There's one problem that seems to be universal to traders, whether they're professionals trading in large banks or funds or part-timers trading from the home: performance anxiety.
Performance anxiety afflicts even accomplished individuals in sports, performing arts, and games of skill such as poker and chess. It occurs when awareness of the performance--and especially the outcome of the performance--interferes with the actual act of performing.
Performance skills have generally been honed to the point of automaticity. This is especially true of performers in high-speed activities, such as race car drivers, fighter pilots, baseball batters, and short-term traders. When the performer becomes self-aware and focuses attention on the outcome of the performance, this leads to efforts at conscious control of the automatic activity. The result is a disruption of performance.
A great example is the basketball player who is shooting a free throw in the last seconds of a game with his team down by a point or the golfer who has a putt to win a tournament. Aware of the importance of his shot, he carefully aims the ball and does not deliver his natural stroke. In the financial world, a trader will overthink a trade, missing a great opportunity when it doesn't set up exactly right. Heightened awareness of risk interferes with the pursuit of reward.
What causes performance anxiety? Sometimes a single poor performance or set of performances create the view of a "slump" in the performer's mind, leading to efforts at correction that only exacerbate the problem. Other times, changed circumstances can generate the performance anxiety. Being hired by a new firm and wanting to impress everyone; having one's trading size raised considerably and becoming aware of the new risk; giving birth to a child and now feeling more pressure to bring in money--all of these can shift the mindset of the trader. The result frequently can be seen as a change in the trader's mood.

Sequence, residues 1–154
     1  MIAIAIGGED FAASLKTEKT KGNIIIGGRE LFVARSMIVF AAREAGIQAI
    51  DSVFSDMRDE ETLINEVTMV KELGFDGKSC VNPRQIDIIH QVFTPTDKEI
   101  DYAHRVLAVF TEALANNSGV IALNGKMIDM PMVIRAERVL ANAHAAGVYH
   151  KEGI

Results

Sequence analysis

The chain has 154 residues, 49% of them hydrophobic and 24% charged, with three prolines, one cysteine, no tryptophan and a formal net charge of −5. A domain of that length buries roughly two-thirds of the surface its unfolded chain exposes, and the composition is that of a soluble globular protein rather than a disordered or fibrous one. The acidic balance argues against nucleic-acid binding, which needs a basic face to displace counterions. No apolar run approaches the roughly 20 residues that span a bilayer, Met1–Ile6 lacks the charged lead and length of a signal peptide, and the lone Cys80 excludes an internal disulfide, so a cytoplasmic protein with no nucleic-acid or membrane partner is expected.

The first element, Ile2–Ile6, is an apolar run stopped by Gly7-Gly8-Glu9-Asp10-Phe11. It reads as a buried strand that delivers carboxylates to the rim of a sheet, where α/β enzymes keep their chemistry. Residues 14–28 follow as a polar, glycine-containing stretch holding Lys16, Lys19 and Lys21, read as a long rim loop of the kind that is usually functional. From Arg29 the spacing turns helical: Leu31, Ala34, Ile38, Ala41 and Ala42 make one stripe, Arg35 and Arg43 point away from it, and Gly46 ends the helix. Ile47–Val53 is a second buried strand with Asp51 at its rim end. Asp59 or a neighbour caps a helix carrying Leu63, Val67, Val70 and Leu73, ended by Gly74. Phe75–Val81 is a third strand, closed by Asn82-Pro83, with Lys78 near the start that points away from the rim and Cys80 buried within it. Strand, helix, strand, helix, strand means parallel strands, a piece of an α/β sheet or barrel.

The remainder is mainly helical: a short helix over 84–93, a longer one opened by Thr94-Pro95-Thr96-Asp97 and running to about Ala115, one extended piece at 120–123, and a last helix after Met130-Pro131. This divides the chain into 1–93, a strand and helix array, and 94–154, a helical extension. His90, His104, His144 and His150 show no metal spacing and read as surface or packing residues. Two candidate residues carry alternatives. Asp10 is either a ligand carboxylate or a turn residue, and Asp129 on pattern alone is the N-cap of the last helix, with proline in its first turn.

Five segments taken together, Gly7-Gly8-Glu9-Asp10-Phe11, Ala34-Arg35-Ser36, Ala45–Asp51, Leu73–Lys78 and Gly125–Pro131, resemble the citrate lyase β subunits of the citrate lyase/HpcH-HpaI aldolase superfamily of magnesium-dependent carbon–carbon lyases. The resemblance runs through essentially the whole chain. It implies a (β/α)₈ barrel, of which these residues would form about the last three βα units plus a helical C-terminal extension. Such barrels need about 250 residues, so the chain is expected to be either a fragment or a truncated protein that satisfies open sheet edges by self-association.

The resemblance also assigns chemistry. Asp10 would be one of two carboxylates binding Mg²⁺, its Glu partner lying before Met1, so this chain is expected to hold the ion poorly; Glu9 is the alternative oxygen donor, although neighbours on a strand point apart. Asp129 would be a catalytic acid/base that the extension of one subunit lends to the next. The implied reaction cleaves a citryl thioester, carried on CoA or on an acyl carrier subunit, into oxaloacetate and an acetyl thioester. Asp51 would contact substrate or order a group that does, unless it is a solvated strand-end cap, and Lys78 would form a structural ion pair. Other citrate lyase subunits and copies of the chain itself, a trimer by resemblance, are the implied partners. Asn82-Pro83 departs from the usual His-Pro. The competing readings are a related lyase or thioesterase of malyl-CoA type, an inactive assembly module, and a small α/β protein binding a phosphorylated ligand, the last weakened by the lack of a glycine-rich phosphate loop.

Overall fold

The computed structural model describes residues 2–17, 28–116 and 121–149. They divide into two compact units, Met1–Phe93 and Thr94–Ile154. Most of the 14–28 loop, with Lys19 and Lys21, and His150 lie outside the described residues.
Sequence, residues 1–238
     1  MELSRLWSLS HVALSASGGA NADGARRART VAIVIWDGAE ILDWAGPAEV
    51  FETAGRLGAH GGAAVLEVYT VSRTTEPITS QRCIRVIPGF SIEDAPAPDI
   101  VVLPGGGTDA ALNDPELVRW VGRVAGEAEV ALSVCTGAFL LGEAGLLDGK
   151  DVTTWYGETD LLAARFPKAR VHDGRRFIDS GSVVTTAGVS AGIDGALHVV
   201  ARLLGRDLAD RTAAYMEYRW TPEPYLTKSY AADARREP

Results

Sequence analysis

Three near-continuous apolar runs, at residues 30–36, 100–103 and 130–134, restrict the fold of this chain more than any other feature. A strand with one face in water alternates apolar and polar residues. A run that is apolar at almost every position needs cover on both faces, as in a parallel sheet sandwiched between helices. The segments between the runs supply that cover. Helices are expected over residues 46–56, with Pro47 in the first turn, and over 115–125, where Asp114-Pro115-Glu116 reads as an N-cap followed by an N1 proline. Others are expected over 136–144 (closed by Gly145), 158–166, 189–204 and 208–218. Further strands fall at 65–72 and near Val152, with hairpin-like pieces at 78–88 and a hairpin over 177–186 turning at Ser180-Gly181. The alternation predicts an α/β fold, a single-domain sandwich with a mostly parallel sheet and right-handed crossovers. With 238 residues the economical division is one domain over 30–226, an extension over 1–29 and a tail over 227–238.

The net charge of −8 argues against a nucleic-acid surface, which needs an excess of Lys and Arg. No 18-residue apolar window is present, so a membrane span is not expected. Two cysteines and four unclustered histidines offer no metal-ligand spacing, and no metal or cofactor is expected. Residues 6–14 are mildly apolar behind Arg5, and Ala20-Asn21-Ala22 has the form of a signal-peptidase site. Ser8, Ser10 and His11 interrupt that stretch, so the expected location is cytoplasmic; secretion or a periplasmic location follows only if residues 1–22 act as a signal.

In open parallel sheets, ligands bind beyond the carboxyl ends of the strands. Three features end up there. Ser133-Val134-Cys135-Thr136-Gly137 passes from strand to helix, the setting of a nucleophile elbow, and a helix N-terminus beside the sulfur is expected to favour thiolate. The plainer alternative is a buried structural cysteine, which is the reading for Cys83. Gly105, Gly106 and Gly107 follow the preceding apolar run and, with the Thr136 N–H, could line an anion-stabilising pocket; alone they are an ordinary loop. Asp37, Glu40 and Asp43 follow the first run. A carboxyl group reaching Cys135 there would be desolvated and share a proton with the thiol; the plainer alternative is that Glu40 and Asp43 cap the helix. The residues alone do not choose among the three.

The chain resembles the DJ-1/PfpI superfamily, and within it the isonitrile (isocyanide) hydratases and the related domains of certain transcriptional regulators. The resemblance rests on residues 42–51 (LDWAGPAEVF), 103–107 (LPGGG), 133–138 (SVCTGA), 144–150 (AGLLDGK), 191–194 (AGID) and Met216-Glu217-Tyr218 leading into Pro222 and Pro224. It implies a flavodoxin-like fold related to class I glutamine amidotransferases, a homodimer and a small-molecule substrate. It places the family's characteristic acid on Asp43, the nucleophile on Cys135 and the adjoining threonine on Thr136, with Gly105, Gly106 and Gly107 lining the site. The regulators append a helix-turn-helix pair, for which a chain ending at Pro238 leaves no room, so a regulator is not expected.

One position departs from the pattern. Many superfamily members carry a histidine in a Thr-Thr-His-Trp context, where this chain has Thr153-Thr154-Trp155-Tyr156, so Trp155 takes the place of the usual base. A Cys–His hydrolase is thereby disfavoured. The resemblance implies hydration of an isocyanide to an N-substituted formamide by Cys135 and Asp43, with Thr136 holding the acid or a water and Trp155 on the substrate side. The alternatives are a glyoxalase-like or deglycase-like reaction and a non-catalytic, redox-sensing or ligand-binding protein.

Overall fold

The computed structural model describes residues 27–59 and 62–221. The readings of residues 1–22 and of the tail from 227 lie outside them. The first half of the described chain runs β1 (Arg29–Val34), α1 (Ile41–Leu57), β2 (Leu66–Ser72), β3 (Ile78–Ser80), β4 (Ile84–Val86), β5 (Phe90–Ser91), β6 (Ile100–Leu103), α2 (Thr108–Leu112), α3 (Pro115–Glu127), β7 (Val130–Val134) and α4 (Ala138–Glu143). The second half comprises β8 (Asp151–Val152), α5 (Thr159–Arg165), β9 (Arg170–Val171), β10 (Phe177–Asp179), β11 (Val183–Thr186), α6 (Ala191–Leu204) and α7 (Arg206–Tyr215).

The traders' questionnaire I posted a while back is one way to assess a disruption of mood. Performance anxiety can become debilitating, not only because it inhibits performance, but because it affects global well-being and the accurate assessment of risk and reward.
One of the poorly recognized aspects of performance anxiety is known as secondary anxiety. This occurs when a person becomes aware of their own emotional arousal and becomes anxious about being anxious! It is a major dynamic behind panic disorder, but it also frequently plays an important role in sustaining performance anxiety. A trader can become threatened by even the normal fight-or-flight responses generated by activities that involve risk and uncertainty. Once those responses are perceived as threats, they generate further anxiety, which in turn becomes even more threatening. Many times, performance anxiety is the result of just such a downward spiral.
There are many effective psychological techniques for mastering performance anxiety. But before I offer some of these in my next post, I would like to ask readers to comment to this post or email me with their own favorite techniques, including links to relevant posts on trading blogs. Performance anxiety is one of those normal, developmental challenges that all traders face at some point in their careers. What has worked for you? How have you gotten past the jitters, self-doubts, and mental interference? I'll collate responses and then offer a few techniques from the research literature in psychology. My email address is at the end of the "About Me" section on the blog home page.